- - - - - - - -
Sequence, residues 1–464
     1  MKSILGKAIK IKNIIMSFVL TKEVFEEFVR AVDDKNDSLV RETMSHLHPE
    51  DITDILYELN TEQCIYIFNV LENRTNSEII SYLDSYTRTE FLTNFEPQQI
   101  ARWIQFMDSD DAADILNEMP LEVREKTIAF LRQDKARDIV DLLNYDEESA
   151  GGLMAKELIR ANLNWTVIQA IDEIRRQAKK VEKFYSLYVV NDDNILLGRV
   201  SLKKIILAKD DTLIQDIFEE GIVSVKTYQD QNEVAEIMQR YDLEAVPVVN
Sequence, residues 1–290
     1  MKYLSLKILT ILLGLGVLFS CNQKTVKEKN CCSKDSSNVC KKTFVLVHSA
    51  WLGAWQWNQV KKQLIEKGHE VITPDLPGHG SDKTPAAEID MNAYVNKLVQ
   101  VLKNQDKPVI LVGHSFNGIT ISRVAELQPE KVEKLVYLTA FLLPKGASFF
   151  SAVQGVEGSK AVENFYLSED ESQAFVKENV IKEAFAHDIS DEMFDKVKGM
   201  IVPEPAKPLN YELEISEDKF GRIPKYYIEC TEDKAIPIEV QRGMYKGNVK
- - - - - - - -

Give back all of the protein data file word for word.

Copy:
Sequence, residues 1–464
     1  MKSILGKAIK IKNIIMSFVL TKEVFEEFVR AVDDKNDSLV RETMSHLHPE
    51  DITDILYELN TEQCIYIFNV LENRTNSEII SYLDSYTRTE FLTNFEPQQI
   101  ARWIQFMDSD DAADILNEMP LEVREKTIAF LRQDKARDIV DLLNYDEESA
   151  GGLMAKELIR ANLNWTVIQA IDEIRRQAKK VEKFYSLYVV NDDNILLGRV
   201  SLKKIILAKD DTLIQDIFEE GIVSVKTYQD QNEVAEIMQR YDLEAVPVVN
Sequence, residues 1–290
     1  MKYLSLKILT ILLGLGVLFS CNQKTVKEKN CCSKDSSNVC KKTFVLVHSA
    51  WLGAWQWNQV KKQLIEKGHE VITPDLPGHG SDKTPAAEID MNAYVNKLVQ
   101  VLKNQDKPVI LVGHSFNGIT ISRVAELQPE KVEKLVYLTA FLLPKGASFF
   151  SAVQGVEGSK AVENFYLSED ESQAFVKENV IKEAFAHDIS DEMFDKVKGM
   201  IVPEPAKPLN YELEISEDKF GRIPKYYIEC TEDKAIPIEV QRGMYKGNVK